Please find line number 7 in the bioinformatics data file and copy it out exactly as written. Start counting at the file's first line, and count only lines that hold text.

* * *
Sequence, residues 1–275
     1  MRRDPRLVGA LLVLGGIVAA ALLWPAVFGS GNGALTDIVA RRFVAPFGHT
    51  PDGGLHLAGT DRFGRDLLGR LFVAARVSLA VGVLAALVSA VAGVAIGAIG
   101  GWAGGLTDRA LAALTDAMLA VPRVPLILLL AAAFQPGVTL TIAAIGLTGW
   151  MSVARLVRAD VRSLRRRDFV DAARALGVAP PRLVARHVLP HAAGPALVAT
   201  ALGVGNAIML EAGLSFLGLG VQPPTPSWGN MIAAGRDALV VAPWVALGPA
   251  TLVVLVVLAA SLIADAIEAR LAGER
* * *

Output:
   251  TLVVLVVLAA SLIADAIEAR LAGER